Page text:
matrix and the ceramic was still intact.

Figure 7. Al-5%ceramic composite, fatigue tested to over 500k cycles, showing good bonding
between the ceramic and aluminum matrix 20.
Another thought to consider is that the soft materials can also trap/embed extraneous particles in the
soft matrix and, possibly, in the pores that are open to the surface. In this way, the particles are prevented
from continuing the damage/wear that they would otherwise do. An analysis of wear particle sizes 21-23
indicated that high concentrations of 15 micron particles freely floating in lubricating oil can promote the
generation of still larger, and more damaging, particles. However, wear debris in which particles are near
3 microns or smaller may be beneficial in that they can polish the surfaces, resulting in the prevention of
coarse particle generation. 24 This type of wear by very fine particles is fairly benign, resulting in nothing
more than polished, smooth surfaces24. The intent clearly is to find a way to prevent coarse debris from
being permitted to continue to the stage of catastrophic damage at the wear interface. In the specific test
rig and test methodology used at the MPP Tech Center, the debris was being removed both by the
continuous flow of water as well as the softer test materials.

Slattery et al 25, described a similar wear model in an unrelated application; liner-less aluminum-silicon
cylinders. The cylinders bores were mechanically stripped to remove the softer aluminum matrix and
expose the harder Si particles in preparation for testing. Their work showed that the worn surfaces had 5
times the roughness of the untested surfaces. Furthermore, they showed that very fine Si fragments break
off from the larger particles and serve to polish the aluminum matrix, as well as enhancing wear
resistance by embedding into the Al, creating a new interface. These observations are entirely consistent
with the concepts described above in which the effect of very fine debris particles is considered to be
benign. 24

In the example given above of the hard camshaft and the soft aluminum PM cam caps, we believe that at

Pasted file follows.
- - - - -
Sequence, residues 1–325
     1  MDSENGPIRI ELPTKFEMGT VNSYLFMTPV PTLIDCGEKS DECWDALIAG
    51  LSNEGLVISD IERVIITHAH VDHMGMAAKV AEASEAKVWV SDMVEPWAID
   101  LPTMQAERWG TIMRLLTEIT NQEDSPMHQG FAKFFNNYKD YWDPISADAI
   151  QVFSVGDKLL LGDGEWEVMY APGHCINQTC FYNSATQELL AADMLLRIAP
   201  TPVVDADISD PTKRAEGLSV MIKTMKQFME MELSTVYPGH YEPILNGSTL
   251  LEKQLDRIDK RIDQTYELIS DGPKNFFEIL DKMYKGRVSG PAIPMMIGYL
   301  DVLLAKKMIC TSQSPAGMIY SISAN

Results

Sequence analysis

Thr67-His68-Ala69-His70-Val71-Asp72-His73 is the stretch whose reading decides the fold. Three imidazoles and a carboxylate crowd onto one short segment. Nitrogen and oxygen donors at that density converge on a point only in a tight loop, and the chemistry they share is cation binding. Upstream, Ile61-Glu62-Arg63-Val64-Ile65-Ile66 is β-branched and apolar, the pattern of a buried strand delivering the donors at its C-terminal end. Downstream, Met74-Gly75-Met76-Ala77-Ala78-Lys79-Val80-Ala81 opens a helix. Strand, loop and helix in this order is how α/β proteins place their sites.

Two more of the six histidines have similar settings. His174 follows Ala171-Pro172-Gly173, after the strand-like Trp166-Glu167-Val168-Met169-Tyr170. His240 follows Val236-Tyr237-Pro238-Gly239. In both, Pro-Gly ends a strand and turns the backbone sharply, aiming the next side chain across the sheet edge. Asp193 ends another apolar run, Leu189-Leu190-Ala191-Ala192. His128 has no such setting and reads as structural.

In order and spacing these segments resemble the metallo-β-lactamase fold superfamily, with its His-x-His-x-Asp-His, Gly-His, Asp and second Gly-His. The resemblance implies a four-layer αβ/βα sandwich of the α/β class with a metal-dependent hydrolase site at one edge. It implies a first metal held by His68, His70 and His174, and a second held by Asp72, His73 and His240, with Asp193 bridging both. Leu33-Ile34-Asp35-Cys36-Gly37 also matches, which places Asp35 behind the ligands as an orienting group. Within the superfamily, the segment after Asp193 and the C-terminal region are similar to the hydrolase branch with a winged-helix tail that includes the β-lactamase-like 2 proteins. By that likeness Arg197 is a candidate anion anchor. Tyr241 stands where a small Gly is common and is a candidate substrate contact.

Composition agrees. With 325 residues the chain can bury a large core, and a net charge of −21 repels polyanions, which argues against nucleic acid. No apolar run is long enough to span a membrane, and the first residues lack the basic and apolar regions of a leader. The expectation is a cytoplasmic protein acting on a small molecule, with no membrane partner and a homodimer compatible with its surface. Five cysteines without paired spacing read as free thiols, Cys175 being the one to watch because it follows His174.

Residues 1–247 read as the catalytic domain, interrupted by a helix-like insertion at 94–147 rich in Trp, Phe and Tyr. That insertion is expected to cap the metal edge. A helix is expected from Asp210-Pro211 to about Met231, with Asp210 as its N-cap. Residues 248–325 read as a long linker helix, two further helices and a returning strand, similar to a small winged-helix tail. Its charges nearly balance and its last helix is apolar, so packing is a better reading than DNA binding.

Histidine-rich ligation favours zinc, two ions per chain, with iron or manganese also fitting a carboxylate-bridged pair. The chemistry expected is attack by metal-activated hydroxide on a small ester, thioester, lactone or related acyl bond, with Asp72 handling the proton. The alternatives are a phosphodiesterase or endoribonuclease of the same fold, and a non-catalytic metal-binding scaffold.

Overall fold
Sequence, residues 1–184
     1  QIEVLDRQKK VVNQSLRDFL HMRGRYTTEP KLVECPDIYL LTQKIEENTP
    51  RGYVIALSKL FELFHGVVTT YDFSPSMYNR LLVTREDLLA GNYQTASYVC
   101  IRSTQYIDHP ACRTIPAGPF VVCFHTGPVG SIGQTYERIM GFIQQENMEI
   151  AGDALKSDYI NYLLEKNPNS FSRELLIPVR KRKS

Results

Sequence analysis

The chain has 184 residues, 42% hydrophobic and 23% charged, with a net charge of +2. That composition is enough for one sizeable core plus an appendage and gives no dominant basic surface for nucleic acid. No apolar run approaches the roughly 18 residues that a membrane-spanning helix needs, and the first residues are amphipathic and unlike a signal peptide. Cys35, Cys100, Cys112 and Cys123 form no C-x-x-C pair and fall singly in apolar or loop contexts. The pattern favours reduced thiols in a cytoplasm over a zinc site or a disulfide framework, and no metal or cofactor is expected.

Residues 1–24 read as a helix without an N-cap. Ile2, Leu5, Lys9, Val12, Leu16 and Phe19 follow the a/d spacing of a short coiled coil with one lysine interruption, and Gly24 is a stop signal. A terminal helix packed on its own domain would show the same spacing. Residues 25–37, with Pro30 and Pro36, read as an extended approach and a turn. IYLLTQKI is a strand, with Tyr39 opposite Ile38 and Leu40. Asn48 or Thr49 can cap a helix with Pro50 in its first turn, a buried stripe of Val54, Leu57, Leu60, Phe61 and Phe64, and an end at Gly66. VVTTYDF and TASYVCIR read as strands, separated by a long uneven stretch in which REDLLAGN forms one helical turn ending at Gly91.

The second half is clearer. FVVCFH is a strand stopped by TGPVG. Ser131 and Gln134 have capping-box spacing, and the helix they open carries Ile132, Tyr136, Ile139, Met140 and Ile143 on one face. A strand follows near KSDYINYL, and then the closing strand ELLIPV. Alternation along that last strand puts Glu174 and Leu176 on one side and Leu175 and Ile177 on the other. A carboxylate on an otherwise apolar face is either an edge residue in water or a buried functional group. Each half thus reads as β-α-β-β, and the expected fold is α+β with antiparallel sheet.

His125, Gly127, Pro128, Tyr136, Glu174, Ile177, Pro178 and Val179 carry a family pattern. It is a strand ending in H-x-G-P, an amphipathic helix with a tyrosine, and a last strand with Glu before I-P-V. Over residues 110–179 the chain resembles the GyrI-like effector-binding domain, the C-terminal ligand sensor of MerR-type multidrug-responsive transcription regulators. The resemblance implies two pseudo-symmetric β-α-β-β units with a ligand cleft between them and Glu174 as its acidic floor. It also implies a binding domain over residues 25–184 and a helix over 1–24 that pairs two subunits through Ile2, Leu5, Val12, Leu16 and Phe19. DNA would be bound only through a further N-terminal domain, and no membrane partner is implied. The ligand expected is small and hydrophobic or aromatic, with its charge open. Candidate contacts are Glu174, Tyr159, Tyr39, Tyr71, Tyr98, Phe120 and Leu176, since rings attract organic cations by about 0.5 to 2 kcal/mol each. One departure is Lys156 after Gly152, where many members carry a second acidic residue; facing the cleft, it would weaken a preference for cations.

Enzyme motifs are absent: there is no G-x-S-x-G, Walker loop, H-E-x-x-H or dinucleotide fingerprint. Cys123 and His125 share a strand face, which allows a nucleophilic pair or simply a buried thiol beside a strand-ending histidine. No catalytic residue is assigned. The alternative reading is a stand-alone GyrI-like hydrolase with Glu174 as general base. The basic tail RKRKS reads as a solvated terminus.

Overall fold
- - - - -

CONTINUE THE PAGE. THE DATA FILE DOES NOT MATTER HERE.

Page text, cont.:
least some of these phenomena are responsible for the remarkable performance of the PM material in this
specific application, where the lubrication oil is present. During the initial engine start, the hard, ground
camshaft will tend to wear the aluminum cam cap bearing, specifically the softer aluminum grains. The
initial degree of wear at the break-in stage will depend on the surface finish of that camshaft; the finer
the finish, the smaller the surface asperities and the less the wear of the aluminum cam cap. At the same
time the hard phase(s) in the aluminum cam cap will tend to wear away/polish the surface asperities of
the steel camshaft. Logically, the finer the surface asperities or peaks the smaller the size of the debris.
If the debris size is 3 micron or less, the result is not much more than polishing of the two components, as
discussed above. It is therefore important for the camshaft to be lapped so that the surface asperities are
minimal in height.26

Once an engine is started, the engine oil will quickly soak all the components above the cylinder head,
including the camshafts and cam caps. The oil grooves designed for the purposes of lubricating the
camshafts will enhance this process and rapidly deliver the fluid where it is needed. The interface
between the steel camshafts and the PM aluminum cam caps now has this lubricating film to reduce
friction and wear. Referring to the (Rvk) surface finish data in Table II for the Al-4%Cu alloy, the gap is,
on average, a micron or less so that the amount of oil retained in the worn aluminum pockets is very